WEST ORANGE, NJ - The Conference portion of Tuesday night's Town Council Agenda recognized the efforts of the New Jersey Coalition Against Human Trafficking and celebrated the 20 year anniversary of the establishment of the West Orange Human Relations Commission.
The first portion of the meeting focused on Mayor Parisi's Proclamation that January was Human Trafficking month in New Jersey. Councilwoman Spango read the Proclamation as members from Community Relations of Greater Metro West-National Council of Jewish Women looked on. Ingrid Johnson, whose 14-year-old daughter was forced into prostitution after running away from home, spoke briefly and thanked the Mayor and Town Council for recognizing how important the fight against human trafficking was. She spoke of the mission of NJCAHT, which was to educate and assist efforts against human trafficking, and how they were working to become the hub of community efforts in New Jersey.
The first Rally against Human Trafficking in the nation and state will be held this Friday, January 11, declared :Human Trafficking Day" at 11:00 am on the steps of the Statehouse, located at 125 W. State Street, Trenton. Senate Republican Leader Tom Kean, Jr., Senator Nellie Pou, human trafficking survivors, and representatives from the Polaris Project, are also expected to be in attendance.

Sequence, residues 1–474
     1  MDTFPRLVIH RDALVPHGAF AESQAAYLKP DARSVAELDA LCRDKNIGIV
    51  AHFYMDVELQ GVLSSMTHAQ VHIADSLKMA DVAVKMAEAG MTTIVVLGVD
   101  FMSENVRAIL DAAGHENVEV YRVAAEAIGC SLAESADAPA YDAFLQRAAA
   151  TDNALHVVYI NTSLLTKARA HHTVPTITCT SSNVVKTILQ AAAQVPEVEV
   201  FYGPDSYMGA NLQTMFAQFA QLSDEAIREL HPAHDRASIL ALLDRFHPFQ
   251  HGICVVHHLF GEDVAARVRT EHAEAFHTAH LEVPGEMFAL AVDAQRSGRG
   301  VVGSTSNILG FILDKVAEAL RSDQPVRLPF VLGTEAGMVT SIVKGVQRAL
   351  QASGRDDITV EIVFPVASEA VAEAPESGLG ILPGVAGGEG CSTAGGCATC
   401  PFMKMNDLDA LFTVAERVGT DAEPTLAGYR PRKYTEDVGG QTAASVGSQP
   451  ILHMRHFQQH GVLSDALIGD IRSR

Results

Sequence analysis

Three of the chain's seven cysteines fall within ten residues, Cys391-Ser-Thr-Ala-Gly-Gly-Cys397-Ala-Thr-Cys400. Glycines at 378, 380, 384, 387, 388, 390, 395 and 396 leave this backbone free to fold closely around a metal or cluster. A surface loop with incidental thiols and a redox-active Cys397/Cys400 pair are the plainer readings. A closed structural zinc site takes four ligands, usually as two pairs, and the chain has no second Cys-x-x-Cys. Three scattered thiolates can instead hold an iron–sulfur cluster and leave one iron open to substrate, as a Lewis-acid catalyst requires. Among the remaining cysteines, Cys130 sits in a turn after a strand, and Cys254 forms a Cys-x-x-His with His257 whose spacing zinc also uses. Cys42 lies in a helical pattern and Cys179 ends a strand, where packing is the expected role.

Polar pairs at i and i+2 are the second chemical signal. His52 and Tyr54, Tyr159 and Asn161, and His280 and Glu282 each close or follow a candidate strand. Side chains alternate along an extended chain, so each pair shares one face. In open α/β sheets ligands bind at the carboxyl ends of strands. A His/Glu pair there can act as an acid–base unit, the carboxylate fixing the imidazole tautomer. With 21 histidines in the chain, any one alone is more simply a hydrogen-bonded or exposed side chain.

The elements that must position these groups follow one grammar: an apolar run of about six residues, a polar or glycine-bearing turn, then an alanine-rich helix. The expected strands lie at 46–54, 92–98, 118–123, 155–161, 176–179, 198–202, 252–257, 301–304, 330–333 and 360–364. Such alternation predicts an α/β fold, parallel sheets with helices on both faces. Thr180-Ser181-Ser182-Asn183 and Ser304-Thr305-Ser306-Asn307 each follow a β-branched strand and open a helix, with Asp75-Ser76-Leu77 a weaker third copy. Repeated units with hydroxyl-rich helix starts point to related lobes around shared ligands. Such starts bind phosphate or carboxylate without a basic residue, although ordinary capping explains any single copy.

Legislation has been introduced: "The Human Trafficking, Prevention, Protection and Treatment Act," which would give New Jersey, along with Washington State and Indiana, the toughest human trafficking laws in the country. Assemblywoman Valerie Vainieri Huttle (D-Dist. 37), is spearheading the legislation.
Division of Criminal Justice figures show 179 cases of sex and labor trafficking reported in New Jersey in the past seven years, considered a huge underestimate by experts whobelieve the real numbers are in the thousands. Nationally the U.S. State Department estimates that 50,000 men, women and children are trafficked into the United States annually. That is on top of 100,000 victims already in our country when they are enslaved. Under federal law, any person under 18 involved in the commercial sex industry is considered a human trafficking victim.
Council President Cirilo then recognized the 20 year Anniversary of the Human Relations Commission and thanked Pastor Doug Adams, Chairperson, for his comments to the town council reminding us all that 'politics should not get in the way' and that while we may never all agree, we need to 'leave a legacy of collaboration.' Adams spoke highly of the efforts of the WOHRC and its commissioners.
Councilman Jerry Guarino then read a proclamation recognizing Gregory Bullock, a member of the WOHRC since its inception 20 years ago, for his service to the community. He has been involved in several initiatives of the the commission, including the Martin Luther King Jr. celebrations, Diversity Day, and Conversations on Race.